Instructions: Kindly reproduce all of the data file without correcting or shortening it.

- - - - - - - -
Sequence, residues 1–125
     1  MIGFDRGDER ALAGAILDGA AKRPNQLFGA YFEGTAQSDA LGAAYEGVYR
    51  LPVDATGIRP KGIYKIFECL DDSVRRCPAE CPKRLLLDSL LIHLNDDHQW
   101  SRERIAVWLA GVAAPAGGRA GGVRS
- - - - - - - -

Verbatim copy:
Sequence, residues 1–125
     1  MIGFDRGDER ALAGAILDGA AKRPNQLFGA YFEGTAQSDA LGAAYEGVYR
    51  LPVDATGIRP KGIYKIFECL DDSVRRCPAE CPKRLLLDSL LIHLNDDHQW
   101  SRERIAVWLA GVAAPAGGRA GGVRS